Consoling Jesus’ Heart and Growing Closer to Him – Healing 2018


Tim talks about turning our suffering to a way for us to be closer to Jesus. He shares different insights and talks about some saints that we can look up to as examples of offering our pain to Him and trusting God in our healing.

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Reflective Study Guide Questions

“When he returned to his disciples he found them asleep. He said to Peter, “So you could not keep watch with me for one hour?” 

Matthew 26:40
  • We don’t have to keep all of our feelings to ourselves. God knows what they are and how we’re feeling, but He also wants us to willingly share those with Him and to enter into a deeper intimacy with Him through a relationship. Make a list of what you’re suffering from, and the emotions you have from it, and bring that to prayer; read through it with Him. He knows already, but He wants you to speak to Him about it. He’s waiting for you to come to Him.

  • One reason God may not heal us is because He desires our closeness and our intimacy. How can you let your suffering lead you closer to Him today?

  • Reflect on the time Jesus spent in the garden in Gethsemane and about His desire for companionship in the midst of His suffering. Can you relate to this?

  • How might God be asking you to be little in your circumstances? What good could come from that?

  • God may want us to grow more reliant on His grace through our suffering. How do you rely on Him in what you’re suffering with?

Text: Consoling Jesus’ Heart and Growing Closer to Him

Hey guys, it’s Tim Glemkowski again. I’m excited to be moving on to my second talk of this retreat, and if you don’t mind let’s just open in prayer again.

Opening Prayer

In the name of the Father, and of the Son, and of the Holy Spirit. Amen. God, we ask for the grace, really the supernatural grace to see the situations of suffering in our life and the meaning that can be found therein, and to pick up these crosses, and to pick up these sufferings in order to grow a deeper friendship with You and to grow in deeper holiness. Mother Mary, you whose heart was pierced by so many different sufferings in this world even though you never sinned, we ask that you just obtain for us the grace to use the situations of sufferings in our life to become great saints. And Jesus, we love You, and we offer You our sufferings. Help us to carry them with You. Amen. In the name of the Father, and of the Son, and of the Holy Spirit. Amen.

Reality of Suffering

Good. So our first talk was kind of focusing a little bit, just a brief recap, on the reality of suffering, and our need to find meaning in the midst of it. So how do we move from the place, as good Catholics, where we’re just asking God “why?” Just kind of crying out for why this suffering is going on in our life, and get to the place where we stat to actually use our encounters with suffering for spiritual benefit and for fruit in our lives. To really encounter what God might be doing in the midst of that suffering in our hearts, which will allow us to pick up our cross and follow Him, right.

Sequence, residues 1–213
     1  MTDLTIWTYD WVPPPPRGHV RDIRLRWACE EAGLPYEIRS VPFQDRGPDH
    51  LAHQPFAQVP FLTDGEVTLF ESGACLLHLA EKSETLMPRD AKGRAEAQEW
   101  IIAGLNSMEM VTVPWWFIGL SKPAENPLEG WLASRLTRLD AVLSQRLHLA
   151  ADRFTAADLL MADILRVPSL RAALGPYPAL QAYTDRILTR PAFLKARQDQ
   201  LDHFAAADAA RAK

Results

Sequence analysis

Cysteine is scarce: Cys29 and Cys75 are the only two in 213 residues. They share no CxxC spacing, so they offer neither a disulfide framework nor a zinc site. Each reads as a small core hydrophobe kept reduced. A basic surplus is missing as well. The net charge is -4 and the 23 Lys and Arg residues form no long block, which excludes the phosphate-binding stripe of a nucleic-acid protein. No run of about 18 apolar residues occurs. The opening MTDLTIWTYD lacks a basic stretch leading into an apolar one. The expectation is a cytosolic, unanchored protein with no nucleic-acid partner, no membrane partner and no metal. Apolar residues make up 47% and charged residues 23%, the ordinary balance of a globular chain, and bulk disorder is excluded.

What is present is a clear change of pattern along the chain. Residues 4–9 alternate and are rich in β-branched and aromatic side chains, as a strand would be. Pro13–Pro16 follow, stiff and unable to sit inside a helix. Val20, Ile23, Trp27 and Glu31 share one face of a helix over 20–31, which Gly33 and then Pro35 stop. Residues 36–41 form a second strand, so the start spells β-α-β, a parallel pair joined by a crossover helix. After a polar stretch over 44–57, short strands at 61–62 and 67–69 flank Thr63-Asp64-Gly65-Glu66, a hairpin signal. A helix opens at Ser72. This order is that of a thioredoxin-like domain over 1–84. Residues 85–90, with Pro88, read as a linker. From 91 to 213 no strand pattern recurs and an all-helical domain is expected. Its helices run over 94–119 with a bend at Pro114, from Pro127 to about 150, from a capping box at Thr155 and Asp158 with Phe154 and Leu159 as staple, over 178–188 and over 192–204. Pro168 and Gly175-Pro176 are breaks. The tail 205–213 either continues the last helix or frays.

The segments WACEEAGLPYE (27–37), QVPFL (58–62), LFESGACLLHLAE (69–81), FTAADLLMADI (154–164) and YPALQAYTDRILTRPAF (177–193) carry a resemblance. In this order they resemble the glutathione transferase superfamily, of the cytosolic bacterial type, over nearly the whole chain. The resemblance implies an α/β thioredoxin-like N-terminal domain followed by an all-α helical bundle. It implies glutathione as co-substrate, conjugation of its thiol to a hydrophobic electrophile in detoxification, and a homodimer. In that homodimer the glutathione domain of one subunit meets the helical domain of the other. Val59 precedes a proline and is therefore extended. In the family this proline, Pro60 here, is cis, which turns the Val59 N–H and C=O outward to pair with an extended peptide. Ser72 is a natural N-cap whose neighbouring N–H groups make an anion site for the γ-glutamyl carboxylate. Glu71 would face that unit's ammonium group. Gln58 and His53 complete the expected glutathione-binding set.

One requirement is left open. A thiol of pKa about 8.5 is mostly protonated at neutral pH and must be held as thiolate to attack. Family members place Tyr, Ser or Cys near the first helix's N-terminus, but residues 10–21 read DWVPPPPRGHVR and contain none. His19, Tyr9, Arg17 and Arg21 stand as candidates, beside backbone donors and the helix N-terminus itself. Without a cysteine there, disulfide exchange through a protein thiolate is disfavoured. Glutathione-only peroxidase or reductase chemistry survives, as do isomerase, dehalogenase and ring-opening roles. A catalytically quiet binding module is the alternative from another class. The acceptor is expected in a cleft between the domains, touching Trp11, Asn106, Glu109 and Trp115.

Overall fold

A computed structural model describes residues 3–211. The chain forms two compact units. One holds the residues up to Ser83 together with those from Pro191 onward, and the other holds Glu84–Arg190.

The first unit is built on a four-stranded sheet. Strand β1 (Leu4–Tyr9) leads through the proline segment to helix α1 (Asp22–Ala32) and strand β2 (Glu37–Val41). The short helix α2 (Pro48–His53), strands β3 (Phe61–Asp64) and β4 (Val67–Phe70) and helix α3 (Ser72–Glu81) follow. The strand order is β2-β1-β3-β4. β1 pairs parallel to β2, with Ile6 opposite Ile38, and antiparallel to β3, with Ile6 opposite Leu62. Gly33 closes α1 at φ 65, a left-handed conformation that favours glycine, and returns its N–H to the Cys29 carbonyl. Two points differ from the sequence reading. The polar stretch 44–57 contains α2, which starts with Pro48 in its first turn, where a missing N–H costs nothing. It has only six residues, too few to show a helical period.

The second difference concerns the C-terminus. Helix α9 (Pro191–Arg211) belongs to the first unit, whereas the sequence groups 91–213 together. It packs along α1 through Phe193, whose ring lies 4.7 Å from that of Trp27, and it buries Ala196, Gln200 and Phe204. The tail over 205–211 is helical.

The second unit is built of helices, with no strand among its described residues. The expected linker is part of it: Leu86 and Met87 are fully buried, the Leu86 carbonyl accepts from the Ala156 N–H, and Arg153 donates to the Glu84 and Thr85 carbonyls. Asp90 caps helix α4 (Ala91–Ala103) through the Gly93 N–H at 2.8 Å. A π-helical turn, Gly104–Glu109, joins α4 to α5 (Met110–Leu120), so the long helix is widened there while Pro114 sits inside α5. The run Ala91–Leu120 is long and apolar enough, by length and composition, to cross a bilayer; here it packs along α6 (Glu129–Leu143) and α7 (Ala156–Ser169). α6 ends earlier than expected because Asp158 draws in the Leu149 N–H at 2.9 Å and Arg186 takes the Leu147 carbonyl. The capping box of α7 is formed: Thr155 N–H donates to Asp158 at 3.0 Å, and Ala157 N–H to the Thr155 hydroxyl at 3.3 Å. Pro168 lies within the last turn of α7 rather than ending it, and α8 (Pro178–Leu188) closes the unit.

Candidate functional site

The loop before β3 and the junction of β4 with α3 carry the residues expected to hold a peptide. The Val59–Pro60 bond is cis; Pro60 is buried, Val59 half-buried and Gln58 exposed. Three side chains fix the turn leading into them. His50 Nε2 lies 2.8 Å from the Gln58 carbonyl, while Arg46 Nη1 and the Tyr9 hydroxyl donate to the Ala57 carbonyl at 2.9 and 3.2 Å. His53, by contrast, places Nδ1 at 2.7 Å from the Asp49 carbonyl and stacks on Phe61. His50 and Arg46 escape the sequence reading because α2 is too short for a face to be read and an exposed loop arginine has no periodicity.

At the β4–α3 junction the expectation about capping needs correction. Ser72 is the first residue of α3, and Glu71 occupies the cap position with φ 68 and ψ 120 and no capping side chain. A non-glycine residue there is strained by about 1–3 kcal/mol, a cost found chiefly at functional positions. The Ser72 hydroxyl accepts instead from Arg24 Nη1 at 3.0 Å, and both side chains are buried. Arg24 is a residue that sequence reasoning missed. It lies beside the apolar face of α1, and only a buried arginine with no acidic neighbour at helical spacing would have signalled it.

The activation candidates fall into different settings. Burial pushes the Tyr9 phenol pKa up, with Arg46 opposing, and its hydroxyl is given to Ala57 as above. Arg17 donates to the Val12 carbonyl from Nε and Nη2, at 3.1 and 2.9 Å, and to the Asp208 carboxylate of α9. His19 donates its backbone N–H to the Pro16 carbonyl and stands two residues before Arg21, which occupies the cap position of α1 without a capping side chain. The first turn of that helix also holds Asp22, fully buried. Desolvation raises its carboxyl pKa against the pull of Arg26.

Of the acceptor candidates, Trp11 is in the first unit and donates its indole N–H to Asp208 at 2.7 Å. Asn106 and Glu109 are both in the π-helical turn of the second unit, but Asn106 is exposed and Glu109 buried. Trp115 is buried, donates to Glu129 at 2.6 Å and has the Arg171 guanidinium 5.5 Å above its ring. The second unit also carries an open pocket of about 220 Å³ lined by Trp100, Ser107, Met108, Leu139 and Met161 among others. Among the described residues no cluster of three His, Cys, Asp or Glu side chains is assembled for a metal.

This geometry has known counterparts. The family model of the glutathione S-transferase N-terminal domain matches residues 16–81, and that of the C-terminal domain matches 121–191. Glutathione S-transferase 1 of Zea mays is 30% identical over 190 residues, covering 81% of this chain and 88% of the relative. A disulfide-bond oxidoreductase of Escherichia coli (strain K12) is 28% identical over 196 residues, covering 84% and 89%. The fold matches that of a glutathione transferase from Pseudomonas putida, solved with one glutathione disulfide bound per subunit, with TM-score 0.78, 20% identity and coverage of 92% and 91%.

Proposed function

Because everyone hates that phrase. No one likes being told in the midst of their suffering “Well, just pick up your cross.” or “Bear this for Christ.” Though when we do, and we grow in love with the Lord, our sufferings become… we want to pick them up in order to love Jesus. And so that’s what we’re going to focus on. These next few talks are going to be focusing on basically the 4 different meanings that we can ascribe to suffering as, you know, Catholics, devout Catholics. Maybe you could say the 4 reasons God might not heal us, why He might permit in His will us to continue to suffer. Like, what might He be doing in the midst of that suffering. And so in this second talk, I’m going to go through the first 2 of those reasons why if you have a suffering in your life, a situation that’s causing you great pain, what God might be doing in the midst of that, or what might He be asking of you in the midst of that.

Beautiful Honesty

So I brought up in my first talk my favorite quote from Saint Teresa of Ávila. So she was really spunky, right. That was just what she was kind of known for. She’s a larger-than-life personality, and just somebody who really had a lot of, you know, I don’t know, a spark to her or something. Very, very outgoing. And so when she was encountering a situation of suffering in her own life, she had this incredible relationship with the Lord, you know, just so close to Him. And she said to Him at one point “God, if this is how You treat Your friends, it’s no wonder that You have so few.”

And there’s a beauty in that, a beautiful honesty. I love the book Till We Have Faces from C. S. Lewis. C. S. Lewis wrote several really beautiful books that are all kind of circling around this issue of… well, one is called The Problem of Pain, one is called A Grief Observed – it’s about his own grieving process after losing his wife, Joy, after only 3 years, they were only married for 3 years – and then the third is kind of an allegory or a tale, a fable he calls it, a modern fable called Till We Have Faces, and there was this great scene at the end where the main character finally just lets like her inner complaint, I think they call it, against the gods, because it’s just this fable kind of written in like an ancient Greek way. It just all comes vomiting out from her, you know.